The effects of early experience on cognitive functioning in the rat

Persistent Link:
http://hdl.handle.net/10150/277046
Title:
The effects of early experience on cognitive functioning in the rat
Author:
Wilson, Lynn Allison, 1953-
Issue Date:
1989
Publisher:
The University of Arizona.
Rights:
Copyright © is held by the author. Digital access to this material is made possible by the University Libraries, University of Arizona. Further transmission, reproduction or presentation (such as public display or performance) of protected items is prohibited except with permission of the author.
Abstract:
Forty-eight rat pups were handled and isolated from postnatal days 3 through 13 in order to determine whether this manipulation would alter the postnatal development of the hippocampus. Half of these animals were then reared in enriched environments from weaning until maturity to determine whether enrichment would ameliorate the expected deficits in learning ability. Beginning at 90 days of age, all animals were tested on a T-maze, rotating bar and both place and cued versions of a water maze task. The study failed to find gross deficits in learning as a result of the handling/isolation procedure, although emotional differences between groups was evident, as were sex differences. Apparently more questions have been raised than answered by this study, and possible directions for future research are discussed.
Type:
text; Thesis-Reproduction (electronic)
Keywords:
Rats -- Experiments.; Rats -- Research.; Learning -- Physiological aspects.; Brain -- Growth.; Hippocampus (Brain)
Degree Name:
M.A.
Degree Level:
masters
Degree Program:
Graduate College; Psychology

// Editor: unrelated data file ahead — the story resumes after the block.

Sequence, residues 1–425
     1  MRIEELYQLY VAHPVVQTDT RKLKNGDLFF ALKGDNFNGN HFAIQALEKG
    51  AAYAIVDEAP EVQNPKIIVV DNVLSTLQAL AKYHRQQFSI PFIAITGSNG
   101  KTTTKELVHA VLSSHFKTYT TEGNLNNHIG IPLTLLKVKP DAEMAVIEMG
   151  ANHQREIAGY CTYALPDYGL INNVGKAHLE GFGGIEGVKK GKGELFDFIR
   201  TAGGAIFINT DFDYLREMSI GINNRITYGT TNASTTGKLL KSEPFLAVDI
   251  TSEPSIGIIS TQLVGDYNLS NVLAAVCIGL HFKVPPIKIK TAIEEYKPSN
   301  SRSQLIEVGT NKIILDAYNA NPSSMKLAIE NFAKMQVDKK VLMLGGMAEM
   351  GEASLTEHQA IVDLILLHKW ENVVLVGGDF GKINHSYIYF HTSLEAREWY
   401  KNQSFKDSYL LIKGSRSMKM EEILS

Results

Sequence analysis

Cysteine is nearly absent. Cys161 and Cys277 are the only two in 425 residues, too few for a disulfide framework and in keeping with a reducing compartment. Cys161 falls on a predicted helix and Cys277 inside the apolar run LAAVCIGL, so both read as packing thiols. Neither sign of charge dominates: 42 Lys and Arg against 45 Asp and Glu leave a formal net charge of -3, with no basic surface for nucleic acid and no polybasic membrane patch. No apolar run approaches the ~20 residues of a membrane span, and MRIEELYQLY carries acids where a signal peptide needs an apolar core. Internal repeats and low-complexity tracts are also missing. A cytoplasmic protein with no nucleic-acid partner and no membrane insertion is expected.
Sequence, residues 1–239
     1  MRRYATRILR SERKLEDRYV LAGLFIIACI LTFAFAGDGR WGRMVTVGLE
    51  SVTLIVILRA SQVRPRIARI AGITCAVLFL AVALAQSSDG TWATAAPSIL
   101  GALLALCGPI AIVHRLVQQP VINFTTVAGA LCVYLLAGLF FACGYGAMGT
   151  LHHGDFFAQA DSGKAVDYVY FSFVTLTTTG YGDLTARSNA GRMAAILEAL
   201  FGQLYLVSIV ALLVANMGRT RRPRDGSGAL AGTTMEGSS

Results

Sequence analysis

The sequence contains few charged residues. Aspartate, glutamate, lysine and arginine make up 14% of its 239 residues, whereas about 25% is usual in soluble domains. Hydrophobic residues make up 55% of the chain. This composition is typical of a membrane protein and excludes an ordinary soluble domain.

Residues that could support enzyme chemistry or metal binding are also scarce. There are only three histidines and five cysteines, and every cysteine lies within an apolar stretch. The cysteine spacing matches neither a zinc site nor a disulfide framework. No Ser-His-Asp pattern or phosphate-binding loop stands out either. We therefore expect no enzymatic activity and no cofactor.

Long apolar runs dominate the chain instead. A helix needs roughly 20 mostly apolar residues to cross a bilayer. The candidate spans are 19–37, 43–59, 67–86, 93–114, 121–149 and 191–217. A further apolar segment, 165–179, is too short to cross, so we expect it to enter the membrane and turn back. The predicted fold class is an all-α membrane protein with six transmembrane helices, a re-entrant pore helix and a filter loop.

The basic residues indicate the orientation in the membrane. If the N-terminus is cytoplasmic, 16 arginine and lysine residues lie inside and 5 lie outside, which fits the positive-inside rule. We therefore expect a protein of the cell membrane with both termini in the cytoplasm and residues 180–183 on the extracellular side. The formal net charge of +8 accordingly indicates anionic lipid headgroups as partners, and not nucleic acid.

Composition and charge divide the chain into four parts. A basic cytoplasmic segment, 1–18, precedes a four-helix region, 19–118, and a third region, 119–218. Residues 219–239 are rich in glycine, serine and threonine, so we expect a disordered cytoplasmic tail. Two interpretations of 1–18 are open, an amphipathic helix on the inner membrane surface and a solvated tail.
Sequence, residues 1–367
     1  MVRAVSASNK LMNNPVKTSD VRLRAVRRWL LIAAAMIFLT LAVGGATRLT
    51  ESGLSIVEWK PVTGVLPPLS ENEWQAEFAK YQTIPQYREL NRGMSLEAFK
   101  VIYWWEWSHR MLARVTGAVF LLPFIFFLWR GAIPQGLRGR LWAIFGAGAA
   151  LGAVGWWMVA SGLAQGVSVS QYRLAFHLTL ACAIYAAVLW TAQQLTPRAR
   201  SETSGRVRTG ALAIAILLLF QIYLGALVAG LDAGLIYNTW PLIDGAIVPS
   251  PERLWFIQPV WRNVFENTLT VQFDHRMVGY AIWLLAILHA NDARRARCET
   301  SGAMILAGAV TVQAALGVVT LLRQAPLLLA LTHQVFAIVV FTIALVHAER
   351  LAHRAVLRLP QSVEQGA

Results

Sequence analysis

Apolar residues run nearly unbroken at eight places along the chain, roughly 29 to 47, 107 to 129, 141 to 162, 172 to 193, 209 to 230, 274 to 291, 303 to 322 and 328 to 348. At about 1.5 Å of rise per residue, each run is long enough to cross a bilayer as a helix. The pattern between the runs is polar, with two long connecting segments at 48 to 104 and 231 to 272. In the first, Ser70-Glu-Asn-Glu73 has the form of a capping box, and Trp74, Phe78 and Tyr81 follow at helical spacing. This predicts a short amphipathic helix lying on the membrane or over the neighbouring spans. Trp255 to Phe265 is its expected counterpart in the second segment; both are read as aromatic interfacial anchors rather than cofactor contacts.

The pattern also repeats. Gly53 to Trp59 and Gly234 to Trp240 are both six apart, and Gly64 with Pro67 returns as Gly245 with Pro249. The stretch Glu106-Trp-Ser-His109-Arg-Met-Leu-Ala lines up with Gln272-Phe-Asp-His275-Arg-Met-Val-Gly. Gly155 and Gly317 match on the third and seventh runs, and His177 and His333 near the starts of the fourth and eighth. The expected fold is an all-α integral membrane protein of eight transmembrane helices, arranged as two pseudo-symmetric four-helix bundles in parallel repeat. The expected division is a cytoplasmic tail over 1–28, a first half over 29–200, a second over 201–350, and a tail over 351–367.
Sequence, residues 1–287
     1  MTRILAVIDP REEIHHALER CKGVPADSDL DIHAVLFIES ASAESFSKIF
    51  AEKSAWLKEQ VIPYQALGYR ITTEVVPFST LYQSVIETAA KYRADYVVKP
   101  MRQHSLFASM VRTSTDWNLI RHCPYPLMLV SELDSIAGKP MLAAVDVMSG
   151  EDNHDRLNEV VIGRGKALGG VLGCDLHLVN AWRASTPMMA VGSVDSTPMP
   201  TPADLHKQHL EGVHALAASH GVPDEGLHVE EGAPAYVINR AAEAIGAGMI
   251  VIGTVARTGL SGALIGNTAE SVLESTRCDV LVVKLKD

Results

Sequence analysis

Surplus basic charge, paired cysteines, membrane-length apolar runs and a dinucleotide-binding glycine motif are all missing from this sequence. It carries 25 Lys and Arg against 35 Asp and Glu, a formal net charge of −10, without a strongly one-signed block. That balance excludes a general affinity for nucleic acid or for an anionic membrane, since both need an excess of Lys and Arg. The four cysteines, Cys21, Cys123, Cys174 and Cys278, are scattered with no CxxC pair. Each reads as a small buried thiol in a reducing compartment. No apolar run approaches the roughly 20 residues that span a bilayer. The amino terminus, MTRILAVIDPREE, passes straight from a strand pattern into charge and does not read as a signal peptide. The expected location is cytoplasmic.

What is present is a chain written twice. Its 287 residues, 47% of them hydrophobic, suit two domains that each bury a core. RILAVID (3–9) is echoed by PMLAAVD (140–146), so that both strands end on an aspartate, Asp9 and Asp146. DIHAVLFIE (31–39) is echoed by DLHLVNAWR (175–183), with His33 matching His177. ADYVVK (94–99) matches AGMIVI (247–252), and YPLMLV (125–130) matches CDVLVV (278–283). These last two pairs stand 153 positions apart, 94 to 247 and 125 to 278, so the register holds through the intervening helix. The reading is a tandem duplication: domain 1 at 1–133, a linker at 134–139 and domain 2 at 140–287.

Degree Grantor:
University of Arizona
Advisor:
Nadel, Lynn

Full metadata record

DC FieldValue Language
dc.language.isoen_USen_US
dc.titleThe effects of early experience on cognitive functioning in the raten_US
dc.creatorWilson, Lynn Allison, 1953-en_US
dc.contributor.authorWilson, Lynn Allison, 1953-en_US
dc.date.issued1989en_US
dc.publisherThe University of Arizona.en_US
dc.rightsCopyright © is held by the author. Digital access to this material is made possible by the University Libraries, University of Arizona. Further transmission, reproduction or presentation (such as public display or performance) of protected items is prohibited except with permission of the author.en_US
dc.description.abstractForty-eight rat pups were handled and isolated from postnatal days 3 through 13 in order to determine whether this manipulation would alter the postnatal development of the hippocampus. Half of these animals were then reared in enriched environments from weaning until maturity to determine whether enrichment would ameliorate the expected deficits in learning ability. Beginning at 90 days of age, all animals were tested on a T-maze, rotating bar and both place and cued versions of a water maze task. The study failed to find gross deficits in learning as a result of the handling/isolation procedure, although emotional differences between groups was evident, as were sex differences. Apparently more questions have been raised than answered by this study, and possible directions for future research are discussed.en_US
dc.typetexten_US
dc.typeThesis-Reproduction (electronic)en_US
dc.subjectRats -- Experiments.en_US
dc.subjectRats -- Research.en_US
dc.subjectLearning -- Physiological aspects.en_US
dc.subjectBrain -- Growth.en_US
dc.subjectHippocampus (Brain)en_US
thesis.degree.nameM.A.en_US
thesis.degree.levelmastersen_US
thesis.degree.disciplineGraduate Collegeen_US
thesis.degree.disciplinePsychologyen_US
thesis.degree.grantorUniversity of Arizonaen_US
dc.contributor.advisorNadel, Lynnen_US
dc.identifier.proquest1337441en_US
dc.identifier.oclc24335428en_US
dc.identifier.bibrecord.b17853473en_US
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